There was a crowd waiting for Bam Adebayo when he got back to his locker following UK’s 65-62 victory over Wichita State on Sunday.
The first question directed at the Wildcats’ star of the second-round NCAA Tournament game would have to be repeated. As soon as he sat down, Adebayo reached for his phone.
“Say that one more time,” he told the reporter a few seconds later. “I was texting my mom.”
Everybody wanted to talk to Adebayo on Sunday. Seemingly everybody on Wichita State’s side had been talking about him 24 hours earlier.
Shockers Coach Gregg Marshall bragged Saturday about his “three-headed monster” at the center position and — noting that he was sure Adebayo is in great shape — said that the UK big man would need to be in great shape for Wichita State.
Darral Willis Jr. — the Shockers’ 6-foot-9 junior — was reminded of Adebayo’s 18 rebounds against Northern Kentucky in the Cats’ first-round victory.
“Yeah, that’s going to get shut down tomorrow,” Willis told KSTV. “A lot of teams don’t box out, and that’s what we do.”
Willis also said that UK’s team was “nothing special.” Markis McDuffie — Wichita State’s leading scorer — said he was “tired of hearing” about the Wildcats.
Other, similar things were said by the Shockers. Later in the day, a UK official collected all of those quotes, and the pregame talk was passed along to the Wildcats, who walked into Bankers Life Fieldhouse on Sunday well aware of what had been said.
“If people aren’t going to respect us, I think — as a team — we just kind of have to take it personally, honestly,” said UK senior Derek Willis. “I definitely took it that way. It kind of sets you off.”
Adebayo was the subject of most of that talk. He responded on the court.
The UK freshman had 13 points, 10 rebounds (more than any Wichita State player, by the way) and the game-winning blocked shot at the buzzer.
Once it was time to talk, Bam didn’t take the bait.
“I just go out there and play basketball,” he said. “All that trash talk means nothing to me. At the end of the day, you gotta step on the court.”
Adebayo stomped all over it against the Shockers, who sent body after body his way with the same result. There was a 58-second span midway through the second half that best summed up his afternoon.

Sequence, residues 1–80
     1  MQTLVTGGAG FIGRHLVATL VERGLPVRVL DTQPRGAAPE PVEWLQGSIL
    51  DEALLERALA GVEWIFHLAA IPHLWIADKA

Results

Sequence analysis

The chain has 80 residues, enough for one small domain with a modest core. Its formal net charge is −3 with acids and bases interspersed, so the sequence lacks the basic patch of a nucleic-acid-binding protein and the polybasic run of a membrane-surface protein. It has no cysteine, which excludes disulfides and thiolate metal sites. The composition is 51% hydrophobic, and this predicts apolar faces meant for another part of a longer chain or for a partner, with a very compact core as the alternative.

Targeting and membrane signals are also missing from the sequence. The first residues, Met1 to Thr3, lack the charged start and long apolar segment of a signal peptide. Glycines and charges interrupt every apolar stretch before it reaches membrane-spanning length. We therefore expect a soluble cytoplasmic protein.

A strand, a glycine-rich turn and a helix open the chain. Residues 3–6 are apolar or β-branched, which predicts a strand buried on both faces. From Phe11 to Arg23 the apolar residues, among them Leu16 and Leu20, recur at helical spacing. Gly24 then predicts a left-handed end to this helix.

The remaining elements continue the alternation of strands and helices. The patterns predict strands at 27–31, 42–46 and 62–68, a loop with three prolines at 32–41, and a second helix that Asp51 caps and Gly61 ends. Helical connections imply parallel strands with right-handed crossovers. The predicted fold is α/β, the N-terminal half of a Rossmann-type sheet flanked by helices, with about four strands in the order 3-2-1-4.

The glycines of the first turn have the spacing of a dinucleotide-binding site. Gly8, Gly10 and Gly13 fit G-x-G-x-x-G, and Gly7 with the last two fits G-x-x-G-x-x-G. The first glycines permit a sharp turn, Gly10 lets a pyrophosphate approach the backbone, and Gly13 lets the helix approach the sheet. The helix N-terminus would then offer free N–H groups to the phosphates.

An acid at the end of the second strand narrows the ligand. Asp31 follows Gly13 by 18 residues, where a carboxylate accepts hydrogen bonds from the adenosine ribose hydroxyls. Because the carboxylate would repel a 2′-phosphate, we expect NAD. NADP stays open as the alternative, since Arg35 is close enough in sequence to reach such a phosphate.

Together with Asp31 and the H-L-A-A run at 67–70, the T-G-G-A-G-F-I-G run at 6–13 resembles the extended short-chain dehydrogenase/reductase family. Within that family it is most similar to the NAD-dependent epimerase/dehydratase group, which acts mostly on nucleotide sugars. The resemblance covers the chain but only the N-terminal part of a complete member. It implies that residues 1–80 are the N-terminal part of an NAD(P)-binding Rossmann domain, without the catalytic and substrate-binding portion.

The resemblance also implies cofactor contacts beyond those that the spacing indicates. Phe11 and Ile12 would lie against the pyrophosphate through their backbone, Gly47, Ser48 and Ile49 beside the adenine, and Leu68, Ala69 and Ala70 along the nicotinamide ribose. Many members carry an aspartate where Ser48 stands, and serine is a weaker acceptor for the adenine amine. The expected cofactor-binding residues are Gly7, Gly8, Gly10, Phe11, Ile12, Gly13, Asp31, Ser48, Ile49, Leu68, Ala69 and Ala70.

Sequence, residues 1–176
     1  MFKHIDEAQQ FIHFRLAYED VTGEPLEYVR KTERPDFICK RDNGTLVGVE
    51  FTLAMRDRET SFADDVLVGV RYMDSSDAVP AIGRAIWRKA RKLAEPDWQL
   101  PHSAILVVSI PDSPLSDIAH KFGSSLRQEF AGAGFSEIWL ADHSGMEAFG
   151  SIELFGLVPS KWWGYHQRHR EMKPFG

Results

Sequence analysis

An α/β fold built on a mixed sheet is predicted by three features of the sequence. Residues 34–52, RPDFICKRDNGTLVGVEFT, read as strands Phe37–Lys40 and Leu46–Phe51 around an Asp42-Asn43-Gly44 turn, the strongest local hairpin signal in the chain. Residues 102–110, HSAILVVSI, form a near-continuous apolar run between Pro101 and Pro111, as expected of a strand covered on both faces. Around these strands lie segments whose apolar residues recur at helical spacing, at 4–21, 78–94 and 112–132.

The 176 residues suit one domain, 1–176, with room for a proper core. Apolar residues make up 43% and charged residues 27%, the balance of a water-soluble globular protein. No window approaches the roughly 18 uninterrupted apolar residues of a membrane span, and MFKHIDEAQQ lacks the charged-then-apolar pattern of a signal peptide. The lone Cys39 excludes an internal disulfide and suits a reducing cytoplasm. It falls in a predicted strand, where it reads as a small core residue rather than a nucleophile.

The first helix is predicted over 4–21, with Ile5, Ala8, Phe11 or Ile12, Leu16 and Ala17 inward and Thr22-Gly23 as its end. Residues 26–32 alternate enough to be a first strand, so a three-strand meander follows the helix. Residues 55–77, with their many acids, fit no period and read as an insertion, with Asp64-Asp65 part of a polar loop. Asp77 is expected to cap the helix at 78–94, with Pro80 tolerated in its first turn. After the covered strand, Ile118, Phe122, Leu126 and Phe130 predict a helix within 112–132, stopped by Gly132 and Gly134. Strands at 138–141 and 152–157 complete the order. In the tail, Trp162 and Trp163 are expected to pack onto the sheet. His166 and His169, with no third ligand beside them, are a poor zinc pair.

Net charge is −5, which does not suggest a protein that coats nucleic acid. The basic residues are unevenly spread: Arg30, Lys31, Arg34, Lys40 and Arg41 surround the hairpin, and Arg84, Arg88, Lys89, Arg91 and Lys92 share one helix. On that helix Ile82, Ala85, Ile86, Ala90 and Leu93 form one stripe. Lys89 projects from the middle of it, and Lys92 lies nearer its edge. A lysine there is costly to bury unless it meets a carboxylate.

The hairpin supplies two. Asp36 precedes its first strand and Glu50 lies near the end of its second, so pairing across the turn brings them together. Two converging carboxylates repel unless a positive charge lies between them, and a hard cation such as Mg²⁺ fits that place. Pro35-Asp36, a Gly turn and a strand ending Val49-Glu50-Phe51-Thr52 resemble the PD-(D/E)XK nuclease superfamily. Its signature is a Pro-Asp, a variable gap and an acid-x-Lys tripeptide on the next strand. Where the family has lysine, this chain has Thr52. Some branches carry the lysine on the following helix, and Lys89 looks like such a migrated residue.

Two days after Calipari screamed at his players to get the ball to Adebayo in the post against Northern Kentucky, the offense flowed through the UK big man when the Cats needed it most.
Leading 45-44, the ball went to Adebayo, who kicked it out to Willis for a three-pointer. A few seconds later, Adebayo left his feet for a rebound and was undercut by Wichita State center Shaquille Morris. Adebayo fell to the floor in a heap — hitting the hardwood with a thud — and stayed there for a little while as the rest of the players on the court headed to their respective sidelines for the under-eight timeout.
Adebayo got up and walked to UK’s huddle, a flicker of anger on his face.
“I mean, I hit the ground kinda hard,” he said after the game.
He came out of that timeout and got a quick put-back two for the Cats.
Next trip down the court, he ripped at the rim with a thunderous dunk to put Kentucky ahead, 52-46. That was his final basket of the game. His block on Landry Shamet’s three-point attempt at the buzzer sealed it for the Wildcats.
Adebayo’s mother was in the crowd Sunday, and the UK player’s face lit up more when talking about her presence than it did with talking about his own performance.
What did that text message say when he sat down at his locker?
“She texted me that she loves me and she’s proud of me,” he said. “I texted back, ‘I love you, too.’”
And what did he think mom would say when he saw her in person later that night?
“She might just kiss me on the cheek and say, ‘You still got two more weeks.’ She’s going to tell me to keep playing hard.”